Agreements with more publishers will be signed soon. At this moment the digital publications of these publishers are being loaded into the e_Depot, involving more than 2,500 journals, containing over 6 million articles. In case of publications that are processed both in digital and printed form, the KB has decided to process only the digital manifestation of the publication. With respect to version management of electronic publications, the e-Depot is able to deal with updates, renewals, and withdrawals or retractions. Updates of electronic publications are sent to the KB with different time stamps compared to the original submissions. These authentic publications are not discarded from the system, but the original metadata is temporarily withdrawn, so that only the updated material will be found in the central catalogue. This way, the KB does preserve the complete records of science, but allows publishers to ask for temporarily withdrawal of specific articles. Once an article is in the system, it will never be discarded or deleted (Steenbakkers, 2003).
New acquisition methods are necessary in order to obtain the electronic publications, like extensions of the OAI harvesting protocol (Lagoze, Van de Sompel, Nelson, Warner, 2002 and Jerez, Liu, Hochstenbach and Van de Sompel, 2004). Another issue is that there are lots of publications on the Internet that will require some form of web harvesting. A complicating matter in this respect is the lack of automatic delivery of bibliographic descriptions of the harvest.
New types of hardware, computer applications and file formats are constantly being developed, making digital information inaccessible. Even if the hardware or the carrier-media does not deteriorate, the technology to access the information will inevitably become obsolete. Preservation or permanent availability of digital information is one of the processes which is dramatically affected by the change to an all digital world.
In general there are two main digital preservation approaches. The first one focuses on the digital object itself, and aims at changing the object in such a way that software and hardware developments will not affect its availability. By changing or updating the format of an object, it is made available on new software and hardware. The digital object will be adjusted to changes in the environment, which makes it possible to render objects by using current systems. The second approach does not focus on the digital object, but on the environment on which the object is rendered. It aims at (re)creating an environment in which the digital item can be rendered in its authentic form. The first approach (changing the object) is known as migration or conversion. The second approach (changing the environment) is known as emulation. Both models are considered for implementation at the KB, and will be discussed in brief.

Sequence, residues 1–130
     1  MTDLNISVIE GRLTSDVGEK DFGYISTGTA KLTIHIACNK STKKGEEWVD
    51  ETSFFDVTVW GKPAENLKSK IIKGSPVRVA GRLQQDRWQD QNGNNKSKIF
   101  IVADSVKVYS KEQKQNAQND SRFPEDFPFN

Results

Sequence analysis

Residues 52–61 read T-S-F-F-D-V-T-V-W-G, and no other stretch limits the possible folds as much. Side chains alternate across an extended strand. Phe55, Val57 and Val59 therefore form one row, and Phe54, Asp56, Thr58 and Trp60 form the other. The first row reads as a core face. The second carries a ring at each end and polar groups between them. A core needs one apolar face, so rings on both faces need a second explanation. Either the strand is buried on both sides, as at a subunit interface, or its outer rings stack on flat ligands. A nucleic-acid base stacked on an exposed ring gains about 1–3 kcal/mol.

An advantage of migration as a digital preservation strategy is that electronic publications will be always available in the form that is mostly used, e.g. PDF, and that hardware and software will be able to render these formats without serious problems. Older documents that are properly migrated will be available for some time, and their electronic content can be used for copy and reuse. A major drawback might be that while converting documents from one form to another, lay out and - worse - data might get lost. If preserving the original 'look & feel' of the document is important, then migration might not be the best way to do this. Migration is necessary for every single document in the collection, and should preferably be carried out each time a serious update of the file format is available. It may be straightforward to convert from version A to version B, but converting from version A to version C or D might be a complicated matter (Caplan, 2004). This may not be necessarily true, but we will never know for sure. Therefore, we have to constantly study conversion programmes and execute them when possible.
An advantage of emulation is the fact that the original 'look & feel' of the publication will be preserved. Like with preserving books, the authentic instantiation will be there to be rendered, in contrast to migration in which possible other instances are used than the original one. However, a serious drawback is the complexity of developing and maintaining an emulation tool. In the future, we have to maintain several emulation tools, and it cannot be proven that these will always work on future computer platforms.
The main reason for preserving the authentic form is that the KB digital archive serves as a safe place for original materials from publishers. Therefore, we promise publishers to keep the original bit stream they send to the KB. Emulation tools are needed in order to render these publications in the same way as they were published. Secondly, for end users who want to access publications according to the 'original look & feel' as they were published, we also need emulation tools (Van Diessen & Van der Werf, 2002).